There are many problems with this film, the least of which is its lack of originality. We start with a cheap looking ancient Egypt where, no prizes for guessing, the forbidden love between Sebek (Shamel Hashish) and Reheema (Taylor Carter) ends up in them paying the ultimate price at the hands of the Pharaoh’s henchmen. They are mummified and buried in a crypt for a couple of thousand years until our hero archaeologists, Noah (Carter – he only needs one name apparently) and Daniella (Brittany Goodwin) stumble across the lost city and inadvertently reanimate Sebek who, with the help of a couple of poorly CGI’d hounds from hell, sets out destroy the world whilst trying to find his lost love. Our innocent heroes are, of course, also working for the nefarious Sager (David E Cazares) and his evil henchwoman Dr Dragich (Deanna Grace Congo). If all this sounds a bit familiar and derivative then that’s because it is, which would be fine if the directors were able to give us some good action or even a bit of wit no and then but sadly these things are missing.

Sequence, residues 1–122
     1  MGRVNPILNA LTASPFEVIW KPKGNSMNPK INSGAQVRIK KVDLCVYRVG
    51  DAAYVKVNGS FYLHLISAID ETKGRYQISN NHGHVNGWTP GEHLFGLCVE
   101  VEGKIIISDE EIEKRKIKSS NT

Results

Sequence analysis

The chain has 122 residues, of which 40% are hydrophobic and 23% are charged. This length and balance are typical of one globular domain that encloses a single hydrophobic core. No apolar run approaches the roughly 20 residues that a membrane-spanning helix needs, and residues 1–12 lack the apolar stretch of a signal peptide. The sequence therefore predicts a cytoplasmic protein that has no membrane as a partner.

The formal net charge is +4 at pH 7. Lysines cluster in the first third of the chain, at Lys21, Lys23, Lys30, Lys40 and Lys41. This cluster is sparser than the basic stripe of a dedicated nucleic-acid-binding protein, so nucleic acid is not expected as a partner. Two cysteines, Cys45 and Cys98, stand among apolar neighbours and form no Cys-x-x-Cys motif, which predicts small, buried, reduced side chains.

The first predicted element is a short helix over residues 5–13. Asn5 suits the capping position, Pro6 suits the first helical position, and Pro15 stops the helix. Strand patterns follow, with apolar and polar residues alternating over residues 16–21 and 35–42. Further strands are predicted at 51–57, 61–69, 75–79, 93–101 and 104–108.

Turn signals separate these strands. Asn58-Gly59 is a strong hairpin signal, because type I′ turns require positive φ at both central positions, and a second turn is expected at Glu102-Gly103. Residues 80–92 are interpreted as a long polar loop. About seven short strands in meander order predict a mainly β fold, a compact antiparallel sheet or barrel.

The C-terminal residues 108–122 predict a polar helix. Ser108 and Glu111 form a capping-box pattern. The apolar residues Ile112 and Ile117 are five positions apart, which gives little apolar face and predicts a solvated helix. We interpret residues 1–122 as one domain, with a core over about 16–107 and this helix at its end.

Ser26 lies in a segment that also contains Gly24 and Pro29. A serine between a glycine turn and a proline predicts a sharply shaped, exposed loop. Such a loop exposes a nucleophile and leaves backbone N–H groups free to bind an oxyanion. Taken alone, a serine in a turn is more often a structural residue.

What’s also missing from this movie is a big enough budget to properly realise the ideas behind writer Justin Price’s screenplay. The settings all feel very cheap and flimsy and, as already mentioned, the CGI just doesn’t stand up to scrutiny. Add to this a mummy costume that gives you glimpses of the actor’s skin behind the rubber mask and you’ve got too many distractions to keep an audience focused on the action of the narrative.
The performances throughout range from wooden to overplayed and the interminable pauses and stares off into the middle distance between almost every line manage to make a film with a relatively short running time (80 minutes) seem unnecessarily slow-paced, drawn out and stilted.
As the plot unfolds, the creature pursues our heroes out of the archaeological site and into the local museum where they find themselves not only being chased down by the mummy and its hell hounds, but also under attack from Sager’s men. As Noah and Daniella return fire the exhibits and artefacts in the museum become collateral damage with no apparent distress about the destruction of these priceless antiquities from either of our heroes. Similarly, when Sager captures Noah and Daniella and has them brought to his luxurious mansion, he seems to have no qualms about executing one of his hapless men on his expensive carpets or instigating a running gun battle through the house, despite his many works of art and historical objects being destroyed in the process. Add to this a special stone that seems to inexplicably have the power to restore life to the dead and all these things end up contributing to a level of implausibility that permeates both the narrative and the characters.
By the end of the film, the overstretched budget makes a valiant attempt to offer us a sandstorm and a finale that includes a Godzilla-like creature, both of which end up doing little more than adding insult to injury.